More Airports, Airlines Implementing Virus Testing

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In their attempts to weed out passengers infected with the Covid-19 virus, more airports and airlines are implementing tests, temperature checks, and even dog-sniffers to identify flyers who should be denied departure boarding or quarantined on arrival.

A prime example is Frankfurt Airport, which together with Lufthansa, the German Red Cross and rare disease research company Centogene has established the first walk-in Covid testing facility in Germany. A Centogene representative told CAT they are currently conducting about 3,500 to 4,000 tests per day, with more than 50,000 tests since the facility opened in late June.

The SARS-CoV-2 RT-PCR (Reverse Transcription Polymerase Chain Reaction) test detects whether an acute infection with the virus is present. It has received Emergency Use Authorization by the US Food and Drug Administration.

If you are scheduled to depart on a flight from Frankfurt, there are two options after registering on the Centogene website:

  • An Express Test, delivering results within 3-4 hours (€139, or about $165 US)
  • The Standard Test, 6-8 hours, (€59, or $70 US) – suggest registering the day before.

You can also order a test from Centogene via Amazon.

"The waiting times vary a lot and depend on air traffic (e.g. a plane from an at-risk country has landed)," the company told CAT. The registration and the test smear itself can be done within a few minutes.

For an additional charge €9 ($10.66 US), you can obtain an official, internationally valid attestation of the (negative) test result for submittal to the authorities in many countries. The results can be provided in German, English, Spanish, French, Dutch, or Chinese.

All results are delivered to the passenger via a secure digital platform. Your identification details, including your passport number and travel document details, will be included on the medical report – verifying that the test results belong to you and have not been tampered with.

Travellers are advised to plan to secure their test result an hour or more before airline check-in begins.

For incoming passengers from high-risk areas, Germany is mandating tests (also via Centogene in Frankfurt, and close by the paid test for outbound pax) but these are free of charge. The obligatory test must be done within the designated timeframe (24 hours, according to one passenger) after entering the country; failure to comply could bring a fine. Tests from abroad are accepted, provided they are not older than 48 hours at the time of arrival and meet the official requirements of the Robert Koch Institute, Germany’s public health authority.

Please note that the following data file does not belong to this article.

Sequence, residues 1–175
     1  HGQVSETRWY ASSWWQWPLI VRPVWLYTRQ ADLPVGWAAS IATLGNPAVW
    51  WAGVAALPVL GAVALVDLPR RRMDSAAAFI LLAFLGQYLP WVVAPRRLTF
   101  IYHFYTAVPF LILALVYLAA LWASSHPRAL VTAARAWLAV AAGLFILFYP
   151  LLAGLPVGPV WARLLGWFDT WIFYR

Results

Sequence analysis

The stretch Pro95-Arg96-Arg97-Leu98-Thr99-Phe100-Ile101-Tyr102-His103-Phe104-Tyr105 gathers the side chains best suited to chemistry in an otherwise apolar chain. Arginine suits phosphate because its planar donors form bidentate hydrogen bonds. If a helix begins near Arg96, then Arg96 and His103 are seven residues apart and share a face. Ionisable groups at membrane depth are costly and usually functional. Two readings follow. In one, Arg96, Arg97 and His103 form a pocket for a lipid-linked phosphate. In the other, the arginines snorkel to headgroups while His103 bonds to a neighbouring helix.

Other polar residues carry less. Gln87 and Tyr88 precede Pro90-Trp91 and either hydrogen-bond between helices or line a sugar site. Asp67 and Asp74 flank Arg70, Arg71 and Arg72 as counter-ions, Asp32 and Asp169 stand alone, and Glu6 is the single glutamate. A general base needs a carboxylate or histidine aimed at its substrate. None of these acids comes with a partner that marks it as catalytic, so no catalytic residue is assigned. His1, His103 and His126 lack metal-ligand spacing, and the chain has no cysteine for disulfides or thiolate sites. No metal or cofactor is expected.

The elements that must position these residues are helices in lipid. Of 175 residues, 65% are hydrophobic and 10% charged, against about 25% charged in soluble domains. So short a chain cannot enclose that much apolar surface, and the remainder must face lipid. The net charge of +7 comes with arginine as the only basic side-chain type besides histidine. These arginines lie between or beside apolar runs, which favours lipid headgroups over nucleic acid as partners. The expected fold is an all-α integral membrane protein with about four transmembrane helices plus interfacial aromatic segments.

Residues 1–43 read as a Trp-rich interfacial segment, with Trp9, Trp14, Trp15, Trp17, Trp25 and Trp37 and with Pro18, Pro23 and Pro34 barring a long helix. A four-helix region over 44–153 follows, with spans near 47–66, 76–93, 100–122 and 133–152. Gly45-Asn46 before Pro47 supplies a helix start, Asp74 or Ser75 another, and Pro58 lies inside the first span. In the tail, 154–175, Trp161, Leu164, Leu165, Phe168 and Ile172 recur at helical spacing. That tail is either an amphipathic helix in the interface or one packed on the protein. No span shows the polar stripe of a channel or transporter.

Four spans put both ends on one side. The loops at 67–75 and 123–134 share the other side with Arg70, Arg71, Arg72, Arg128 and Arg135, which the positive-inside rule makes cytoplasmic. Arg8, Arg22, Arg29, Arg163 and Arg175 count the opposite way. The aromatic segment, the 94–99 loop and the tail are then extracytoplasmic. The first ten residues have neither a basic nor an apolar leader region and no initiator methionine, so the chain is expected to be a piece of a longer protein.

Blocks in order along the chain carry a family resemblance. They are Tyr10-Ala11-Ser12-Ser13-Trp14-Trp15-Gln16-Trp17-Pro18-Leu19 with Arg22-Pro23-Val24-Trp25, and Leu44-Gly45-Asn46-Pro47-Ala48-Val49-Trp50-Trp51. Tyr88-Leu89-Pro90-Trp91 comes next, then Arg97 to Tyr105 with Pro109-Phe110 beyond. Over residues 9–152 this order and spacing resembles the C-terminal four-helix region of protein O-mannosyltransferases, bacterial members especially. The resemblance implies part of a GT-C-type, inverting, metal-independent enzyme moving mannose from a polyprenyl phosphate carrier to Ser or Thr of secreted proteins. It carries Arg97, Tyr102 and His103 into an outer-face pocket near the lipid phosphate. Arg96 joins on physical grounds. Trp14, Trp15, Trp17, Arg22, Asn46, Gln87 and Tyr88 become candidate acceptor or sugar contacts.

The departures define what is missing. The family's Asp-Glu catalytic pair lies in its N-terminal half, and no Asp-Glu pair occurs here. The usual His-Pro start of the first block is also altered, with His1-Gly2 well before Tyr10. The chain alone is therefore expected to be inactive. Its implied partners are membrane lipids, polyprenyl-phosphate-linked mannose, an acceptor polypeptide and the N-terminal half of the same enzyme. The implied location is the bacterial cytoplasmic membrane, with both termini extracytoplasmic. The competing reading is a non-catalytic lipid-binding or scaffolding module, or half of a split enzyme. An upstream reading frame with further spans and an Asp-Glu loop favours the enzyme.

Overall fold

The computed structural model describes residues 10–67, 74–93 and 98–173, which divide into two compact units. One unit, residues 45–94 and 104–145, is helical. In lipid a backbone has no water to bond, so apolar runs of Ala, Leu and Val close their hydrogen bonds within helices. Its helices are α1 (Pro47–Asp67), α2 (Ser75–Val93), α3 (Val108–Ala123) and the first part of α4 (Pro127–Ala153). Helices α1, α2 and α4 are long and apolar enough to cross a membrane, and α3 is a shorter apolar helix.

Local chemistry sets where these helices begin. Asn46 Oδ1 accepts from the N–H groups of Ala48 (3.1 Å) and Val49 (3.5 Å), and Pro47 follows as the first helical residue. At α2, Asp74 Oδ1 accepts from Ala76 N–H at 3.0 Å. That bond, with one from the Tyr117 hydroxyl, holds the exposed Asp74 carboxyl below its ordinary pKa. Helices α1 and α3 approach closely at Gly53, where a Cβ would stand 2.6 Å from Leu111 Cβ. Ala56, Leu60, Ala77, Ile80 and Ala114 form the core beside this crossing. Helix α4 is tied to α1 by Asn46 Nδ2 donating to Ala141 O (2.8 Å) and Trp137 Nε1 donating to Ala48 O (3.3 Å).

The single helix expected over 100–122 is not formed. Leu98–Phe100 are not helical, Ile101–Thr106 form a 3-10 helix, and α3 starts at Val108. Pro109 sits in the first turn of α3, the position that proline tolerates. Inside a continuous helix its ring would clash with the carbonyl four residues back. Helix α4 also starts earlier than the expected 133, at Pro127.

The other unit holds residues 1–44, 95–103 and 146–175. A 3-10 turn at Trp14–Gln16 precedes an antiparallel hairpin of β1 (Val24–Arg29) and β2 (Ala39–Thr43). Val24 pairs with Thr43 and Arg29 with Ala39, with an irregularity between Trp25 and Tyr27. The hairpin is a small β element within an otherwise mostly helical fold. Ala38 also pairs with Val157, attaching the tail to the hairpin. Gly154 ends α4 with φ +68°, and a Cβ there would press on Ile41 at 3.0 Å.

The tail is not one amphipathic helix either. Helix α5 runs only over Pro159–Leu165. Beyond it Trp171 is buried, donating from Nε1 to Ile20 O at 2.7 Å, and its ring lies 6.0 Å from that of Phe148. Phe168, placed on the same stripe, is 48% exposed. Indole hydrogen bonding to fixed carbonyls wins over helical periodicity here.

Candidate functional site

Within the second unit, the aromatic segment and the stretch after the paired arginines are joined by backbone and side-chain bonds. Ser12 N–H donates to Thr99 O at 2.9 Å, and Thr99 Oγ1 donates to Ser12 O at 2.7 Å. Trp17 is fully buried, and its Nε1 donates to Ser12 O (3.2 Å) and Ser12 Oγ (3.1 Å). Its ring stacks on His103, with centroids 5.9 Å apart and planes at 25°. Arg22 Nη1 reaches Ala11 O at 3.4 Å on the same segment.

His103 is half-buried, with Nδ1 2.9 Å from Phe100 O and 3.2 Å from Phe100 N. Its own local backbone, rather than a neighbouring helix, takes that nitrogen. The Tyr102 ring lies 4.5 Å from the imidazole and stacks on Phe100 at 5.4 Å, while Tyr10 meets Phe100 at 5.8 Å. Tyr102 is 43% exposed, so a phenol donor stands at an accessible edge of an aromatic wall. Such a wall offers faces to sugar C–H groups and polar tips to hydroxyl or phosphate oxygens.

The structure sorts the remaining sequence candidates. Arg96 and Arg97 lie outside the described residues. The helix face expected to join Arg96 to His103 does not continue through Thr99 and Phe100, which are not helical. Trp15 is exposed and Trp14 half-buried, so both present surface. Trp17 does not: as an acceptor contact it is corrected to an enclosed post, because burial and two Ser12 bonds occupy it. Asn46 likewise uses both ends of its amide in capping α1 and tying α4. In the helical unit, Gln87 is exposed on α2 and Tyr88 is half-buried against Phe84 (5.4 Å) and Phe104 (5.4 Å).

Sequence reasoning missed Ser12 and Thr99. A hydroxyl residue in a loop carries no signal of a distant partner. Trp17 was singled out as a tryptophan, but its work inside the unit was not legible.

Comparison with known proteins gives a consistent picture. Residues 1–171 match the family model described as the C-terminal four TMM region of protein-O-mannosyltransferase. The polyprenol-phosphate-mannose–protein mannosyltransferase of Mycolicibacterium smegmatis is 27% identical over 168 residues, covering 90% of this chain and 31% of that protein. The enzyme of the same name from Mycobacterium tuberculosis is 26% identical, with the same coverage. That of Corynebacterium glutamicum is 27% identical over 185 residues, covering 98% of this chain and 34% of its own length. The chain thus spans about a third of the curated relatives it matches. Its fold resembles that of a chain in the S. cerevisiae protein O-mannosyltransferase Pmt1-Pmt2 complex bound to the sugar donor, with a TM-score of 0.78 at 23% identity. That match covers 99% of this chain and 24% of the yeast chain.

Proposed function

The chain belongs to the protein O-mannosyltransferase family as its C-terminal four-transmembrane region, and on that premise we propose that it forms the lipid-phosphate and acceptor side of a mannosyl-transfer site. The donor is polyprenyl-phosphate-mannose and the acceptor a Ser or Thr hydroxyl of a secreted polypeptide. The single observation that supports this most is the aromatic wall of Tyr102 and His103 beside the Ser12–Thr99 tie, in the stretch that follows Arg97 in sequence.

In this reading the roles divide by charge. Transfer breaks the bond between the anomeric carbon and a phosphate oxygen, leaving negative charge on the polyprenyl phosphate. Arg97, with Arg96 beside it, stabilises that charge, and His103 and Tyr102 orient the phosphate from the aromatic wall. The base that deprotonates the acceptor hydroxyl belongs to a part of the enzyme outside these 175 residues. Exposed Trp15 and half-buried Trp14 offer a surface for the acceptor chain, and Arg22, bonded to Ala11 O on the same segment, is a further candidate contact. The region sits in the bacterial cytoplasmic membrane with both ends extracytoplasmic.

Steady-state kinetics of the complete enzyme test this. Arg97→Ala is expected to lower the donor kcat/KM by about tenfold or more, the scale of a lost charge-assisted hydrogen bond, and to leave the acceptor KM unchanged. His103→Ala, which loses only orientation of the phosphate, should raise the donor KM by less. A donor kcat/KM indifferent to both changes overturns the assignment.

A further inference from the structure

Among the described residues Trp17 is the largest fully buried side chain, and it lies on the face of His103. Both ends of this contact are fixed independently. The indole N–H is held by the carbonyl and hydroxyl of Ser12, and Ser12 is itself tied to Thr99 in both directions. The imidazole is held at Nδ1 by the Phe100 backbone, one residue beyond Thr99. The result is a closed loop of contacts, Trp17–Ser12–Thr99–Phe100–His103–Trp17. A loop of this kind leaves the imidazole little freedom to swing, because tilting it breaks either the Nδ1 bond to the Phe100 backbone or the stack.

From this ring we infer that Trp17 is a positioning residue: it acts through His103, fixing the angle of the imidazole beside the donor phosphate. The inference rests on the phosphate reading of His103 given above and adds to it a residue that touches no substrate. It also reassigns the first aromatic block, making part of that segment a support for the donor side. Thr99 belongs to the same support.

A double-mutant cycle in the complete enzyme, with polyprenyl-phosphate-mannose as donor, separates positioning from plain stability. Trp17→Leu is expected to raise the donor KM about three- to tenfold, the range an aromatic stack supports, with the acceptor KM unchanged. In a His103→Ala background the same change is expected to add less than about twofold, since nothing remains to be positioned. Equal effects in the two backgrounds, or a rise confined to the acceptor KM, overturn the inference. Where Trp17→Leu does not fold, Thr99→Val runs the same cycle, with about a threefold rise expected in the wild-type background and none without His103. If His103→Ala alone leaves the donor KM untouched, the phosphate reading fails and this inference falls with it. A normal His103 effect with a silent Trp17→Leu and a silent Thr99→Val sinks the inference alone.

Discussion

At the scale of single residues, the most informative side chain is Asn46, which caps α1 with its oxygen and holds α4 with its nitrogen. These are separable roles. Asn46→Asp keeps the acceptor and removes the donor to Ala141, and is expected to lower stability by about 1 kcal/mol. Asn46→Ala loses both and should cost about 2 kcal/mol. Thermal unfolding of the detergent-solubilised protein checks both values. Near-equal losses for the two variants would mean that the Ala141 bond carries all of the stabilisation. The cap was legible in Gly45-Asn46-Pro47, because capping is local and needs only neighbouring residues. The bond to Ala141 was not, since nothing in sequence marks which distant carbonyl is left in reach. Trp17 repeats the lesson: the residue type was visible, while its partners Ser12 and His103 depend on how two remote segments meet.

In addition to a negative test result, some states in Germany also require a medical certificate, issued by a doctor, on the health status of the traveller.

Europeans Embracing Swabs

Germany, France, and Iceland were among the first countries to announce Covid-19 testing for passengers in their airports.

Widespread airport testing in France became operational across the country this month. All passengers arriving from high-risk, red-listed countries, such as Brazil, Israel, Serbia, South Africa, Turkey, the United Kingdom and the United States, will be subject to a PCR test. Affected passengers can take a virus test in their own country and present a certificate at the airport, or take a compulsory test upon arrival in France.

There’s no charge for the test; results are anticipated within 48 hours, and passengers are advised to self-isolate until they receive their results. Those who test positive are subject to standard 14-day quarantine rules.

In mid-June, Iceland began offering passengers an either/or: take a Covid-19 test upon arrival, or quarantine for a fortnight. Cost of the test is 11,000 Icelandic Krona ($81, €68), or 9,000 Icelandic Krona ($67, €56) if paid in advance.

On-site testing is available at Keflavik Airport through biopharmaceutical company deCODE genetics, but those arriving via Reykjavik, Akureyri and Egilsstadir will need to be tested at a local healthcare centre. Visitors are also being asked to download a government contact tracing app (Rakning C-19).

Moscow’s Sheremetyevo Airport launched a testing pilot project in late July, but only for domestic flights initially.

The Centogene test centres are located in the passage between Terminal 1 and the office building "The Squaire" at Frankfurt airport. Image credit: Walter Ullrich